Montana Surrogacy Spotlight - Suzie’s Story
My surrogacy journey began in 1990 while watching Oprah’s talk show. I’m sure she’s not aware of her involvement in this miraculous happening in my life, but I have to give credit where it’s due. I happened to be watching Oprah’s talk show while on maternity leave in May of 1991 after giving birth to my daughter, who is now 29.
The story that day was a popular one that I had seen on several news programs and other talk shows. It involved a traditional surrogate, which means that the baby was created using the surrogate’s own egg. In this case, she carried and delivered a child for a couple in New Jersey. After the delivery, she changed her mind and decided to keep the baby to raise herself. The distraught parents were all over the news, fighting to keep their baby. People were horrified at this story. The case was wrapped up in the court system for years.
Oprah was interviewing the surrogate mother, Marybeth Whitehead, via video chat. She came across as mentally unstable. I thought that there had to be a positive side to surrogacy. At the end of the program, a phone number appeared on the screen for a large surrogacy agency to contact for more information regarding surrogacy. I called immediately.
Before I knew it, I was on a plane to Indianapolis to meet with potential intended parents. In the 90s, traditional surrogacy (now often referred to as genetic surrogacy) was more the norm. Most intended parents were hesitant to use a surrogate doing IVF, as it was too expensive and had a very small success rate at the time. Traditional surrogacy meant that you would use your own egg, and they would be fertilized using an in-office procedure called artificial insemination (AI). I was matched with a wonderful couple from Greece, and agreed to meet them in Detroit at their fertility clinic. It worked, and we were pregnant!
Although we had a language barrier, we shared special moments when she brought baked goodies to our appointments, and showed me the tiny baby clothes she was knitting. No conversation was needed. They were living with family in Canada while they worked on creating their family, knowing that they would return to Greece someday, so we didn’t see each other because of the distance. Once their sweet baby girl was born, and after the paternity test (standard at that time), they arrived at the hospital with a suitcase full of handmade baby clothes, ready to scoop her up. I have never seen two happier people. I knew she’d never want for anything.
I returned home to my family, and they to theirs. I got back into the groove of being mom to my own two children. We stayed in touch with the new parents, and about the time their daughter turned one, they asked me to carry for them again. This time they wanted a son, a little brother for their daughter. Again, we met in Detroit at their fertility clinic, where they were using some sort of sperm washing to increase their chance of having a boy. Between work schedules, the holidays, and my kids both having chicken pox, we made about 5 trips to Detroit. I think we were all losing our patience with the process. We agreed to try one more time, and that would be the end of the road if it didn’t work. Surprise! We were pregnant again, this time with a baby boy.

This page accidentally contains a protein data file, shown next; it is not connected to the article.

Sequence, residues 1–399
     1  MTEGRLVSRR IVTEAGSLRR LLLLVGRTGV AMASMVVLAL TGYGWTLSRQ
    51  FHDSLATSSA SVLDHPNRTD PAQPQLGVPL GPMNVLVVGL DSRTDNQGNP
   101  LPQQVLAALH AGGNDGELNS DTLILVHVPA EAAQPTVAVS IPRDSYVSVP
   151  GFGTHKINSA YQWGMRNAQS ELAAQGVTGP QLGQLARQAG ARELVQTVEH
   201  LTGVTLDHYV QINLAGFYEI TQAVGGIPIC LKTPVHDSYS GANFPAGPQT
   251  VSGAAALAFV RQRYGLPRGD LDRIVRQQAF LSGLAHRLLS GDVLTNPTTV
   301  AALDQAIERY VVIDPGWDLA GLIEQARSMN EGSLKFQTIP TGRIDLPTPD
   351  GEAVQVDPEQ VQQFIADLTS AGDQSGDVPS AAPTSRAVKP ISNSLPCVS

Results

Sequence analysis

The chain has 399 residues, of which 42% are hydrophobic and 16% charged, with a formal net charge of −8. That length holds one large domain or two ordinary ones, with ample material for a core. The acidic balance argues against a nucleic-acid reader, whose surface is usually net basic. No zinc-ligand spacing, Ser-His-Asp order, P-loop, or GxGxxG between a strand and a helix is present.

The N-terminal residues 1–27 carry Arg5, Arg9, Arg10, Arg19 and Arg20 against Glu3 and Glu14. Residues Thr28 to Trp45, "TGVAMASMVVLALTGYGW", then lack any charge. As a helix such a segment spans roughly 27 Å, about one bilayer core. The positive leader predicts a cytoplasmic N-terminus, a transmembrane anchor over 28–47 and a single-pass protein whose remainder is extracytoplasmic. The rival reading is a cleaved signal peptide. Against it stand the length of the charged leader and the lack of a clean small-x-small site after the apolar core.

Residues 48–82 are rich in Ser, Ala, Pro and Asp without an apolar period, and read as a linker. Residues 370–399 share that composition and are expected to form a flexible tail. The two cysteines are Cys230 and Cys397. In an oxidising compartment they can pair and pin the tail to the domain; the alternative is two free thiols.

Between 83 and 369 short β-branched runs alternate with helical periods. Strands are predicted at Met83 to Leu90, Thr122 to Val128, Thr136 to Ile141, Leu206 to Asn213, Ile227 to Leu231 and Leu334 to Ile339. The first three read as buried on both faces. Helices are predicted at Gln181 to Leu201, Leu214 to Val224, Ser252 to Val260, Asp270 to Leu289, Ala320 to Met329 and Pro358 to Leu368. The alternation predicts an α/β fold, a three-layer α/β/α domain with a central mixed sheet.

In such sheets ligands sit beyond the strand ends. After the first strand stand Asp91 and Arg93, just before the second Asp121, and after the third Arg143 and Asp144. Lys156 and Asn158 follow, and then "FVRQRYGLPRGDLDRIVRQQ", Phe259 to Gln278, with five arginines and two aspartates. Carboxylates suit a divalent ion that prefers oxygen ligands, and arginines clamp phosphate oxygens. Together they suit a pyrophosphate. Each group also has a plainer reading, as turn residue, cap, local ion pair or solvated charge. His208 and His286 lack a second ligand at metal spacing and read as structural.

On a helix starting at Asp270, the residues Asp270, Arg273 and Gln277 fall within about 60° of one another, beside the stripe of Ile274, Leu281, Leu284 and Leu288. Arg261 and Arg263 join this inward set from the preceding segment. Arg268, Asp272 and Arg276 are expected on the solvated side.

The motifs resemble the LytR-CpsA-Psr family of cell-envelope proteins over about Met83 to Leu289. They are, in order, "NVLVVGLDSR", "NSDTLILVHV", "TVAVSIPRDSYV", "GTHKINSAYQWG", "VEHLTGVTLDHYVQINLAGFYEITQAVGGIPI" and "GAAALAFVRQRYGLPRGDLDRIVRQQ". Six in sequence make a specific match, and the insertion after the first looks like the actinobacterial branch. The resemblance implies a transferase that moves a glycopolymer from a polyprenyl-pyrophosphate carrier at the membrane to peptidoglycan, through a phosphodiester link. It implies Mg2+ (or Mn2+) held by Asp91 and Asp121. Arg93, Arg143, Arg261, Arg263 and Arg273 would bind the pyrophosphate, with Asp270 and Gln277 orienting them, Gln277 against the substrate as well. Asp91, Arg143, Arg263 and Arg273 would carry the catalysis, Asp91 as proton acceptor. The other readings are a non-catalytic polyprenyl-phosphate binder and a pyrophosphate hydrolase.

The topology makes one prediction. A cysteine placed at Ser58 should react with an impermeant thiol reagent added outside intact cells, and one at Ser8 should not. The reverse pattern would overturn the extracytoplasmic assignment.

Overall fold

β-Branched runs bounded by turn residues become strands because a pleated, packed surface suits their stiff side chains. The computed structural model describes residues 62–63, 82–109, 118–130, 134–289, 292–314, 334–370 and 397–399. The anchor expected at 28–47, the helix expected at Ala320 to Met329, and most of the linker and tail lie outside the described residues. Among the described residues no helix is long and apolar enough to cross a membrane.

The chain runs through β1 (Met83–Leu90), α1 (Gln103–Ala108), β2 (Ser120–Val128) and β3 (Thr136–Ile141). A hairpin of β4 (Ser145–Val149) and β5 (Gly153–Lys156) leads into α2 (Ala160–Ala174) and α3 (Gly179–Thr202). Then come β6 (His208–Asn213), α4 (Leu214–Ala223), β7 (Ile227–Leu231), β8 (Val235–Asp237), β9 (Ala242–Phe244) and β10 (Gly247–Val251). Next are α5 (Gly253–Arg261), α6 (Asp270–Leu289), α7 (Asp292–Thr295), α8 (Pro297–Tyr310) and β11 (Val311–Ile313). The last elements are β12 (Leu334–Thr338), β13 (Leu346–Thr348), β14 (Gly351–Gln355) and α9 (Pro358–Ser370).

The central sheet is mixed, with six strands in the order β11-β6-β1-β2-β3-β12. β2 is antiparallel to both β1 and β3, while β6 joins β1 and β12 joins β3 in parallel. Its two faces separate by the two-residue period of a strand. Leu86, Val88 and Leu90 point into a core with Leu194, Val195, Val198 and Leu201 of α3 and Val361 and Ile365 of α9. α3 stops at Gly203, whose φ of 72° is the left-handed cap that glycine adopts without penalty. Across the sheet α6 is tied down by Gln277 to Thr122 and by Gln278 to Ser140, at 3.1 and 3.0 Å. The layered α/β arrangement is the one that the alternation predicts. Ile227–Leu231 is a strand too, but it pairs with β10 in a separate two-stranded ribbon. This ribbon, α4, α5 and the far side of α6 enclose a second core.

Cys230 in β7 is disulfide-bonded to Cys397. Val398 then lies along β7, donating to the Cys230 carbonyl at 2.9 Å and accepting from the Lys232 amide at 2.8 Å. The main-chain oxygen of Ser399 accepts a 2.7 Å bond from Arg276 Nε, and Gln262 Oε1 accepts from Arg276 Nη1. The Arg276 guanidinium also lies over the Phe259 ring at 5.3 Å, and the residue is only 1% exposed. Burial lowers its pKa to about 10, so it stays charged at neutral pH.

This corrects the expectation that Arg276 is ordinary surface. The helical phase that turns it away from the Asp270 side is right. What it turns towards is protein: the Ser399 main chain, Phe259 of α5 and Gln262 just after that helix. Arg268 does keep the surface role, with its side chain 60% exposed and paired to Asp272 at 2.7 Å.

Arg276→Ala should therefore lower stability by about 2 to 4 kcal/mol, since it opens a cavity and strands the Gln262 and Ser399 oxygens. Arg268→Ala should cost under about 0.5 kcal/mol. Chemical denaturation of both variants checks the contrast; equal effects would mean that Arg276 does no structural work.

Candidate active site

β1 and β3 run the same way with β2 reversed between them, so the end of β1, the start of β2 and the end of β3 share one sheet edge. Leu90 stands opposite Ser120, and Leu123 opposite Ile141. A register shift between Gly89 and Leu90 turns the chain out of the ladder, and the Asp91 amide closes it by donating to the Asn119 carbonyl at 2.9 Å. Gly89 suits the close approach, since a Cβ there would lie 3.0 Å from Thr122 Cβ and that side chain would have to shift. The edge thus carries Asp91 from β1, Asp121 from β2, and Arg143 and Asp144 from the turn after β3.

They were just as overjoyed the second time to meet their son when he was born. After a couple of months, they gathered their new family and headed home to Greece. The children are 28 and 25 now, and I’m certain they are healthy and happy and still very much loved by their adoring parents.
Years later, after unexpectedly remarrying and happily having two more children of my own, I started considering surrogacy again. I had talked with another large agency, but that didn’t go anywhere. Life just kind of moved forward, and one day out of the blue, I got a phone call from a coordinator at a local fertility clinic I had worked with. She said, “Hey what are you doing?”. I said, “Nothing much.” She said, “Would you like to carry for a couple?” I told her to let me sleep on it.
Within a couple of months, we were meeting the intended parents and eating Christmas goodies at our home. They were a beautiful, successful couple, clearly over the moon about becoming parents. Things moved quickly, and by spring, we had two embryos transferred. The reproductive endocrinologist who performed the transfer, said he really didn’t think they’d both “stick” due to the intended mother’s advanced age, she was just over 40. We all giggled a little at that.
As it turns out, both of those babies wanted to hang around. I’ve never felt more exhausted as when my body was giving life to two babies. By the end, we had more doctor appointments than expected, plenty of lunch hour naps, loads of Jamba Juice with protein powder and ten weeks of bedrest. The twins came bouncing into the world just before Christmas at almost six pounds each, a boy and a girl. The parents were on a plane to Denver when the babies arrived. I sent them off right away to go see their healthy, adorable babies. It’s an unexplainable feeling to share the birth experience in this way.
As parents, we all know the incredible joy of that moment when your child comes into the world. Well, this ranks right up there. So, if you’re counting, yes, I have four children of my own as well. They got to know the parents and got to meet the babies, snuggle them, and say their goodbyes. They were all so amazing and helpful during the twins’ pregnancy. I couldn’t have done it without them, so of course, we took a trip to Disney World.
As I say all the time, surrogacy isn’t for everyone, but if you think it may be for you, check it out. You may change someone’s life in the most meaningful way.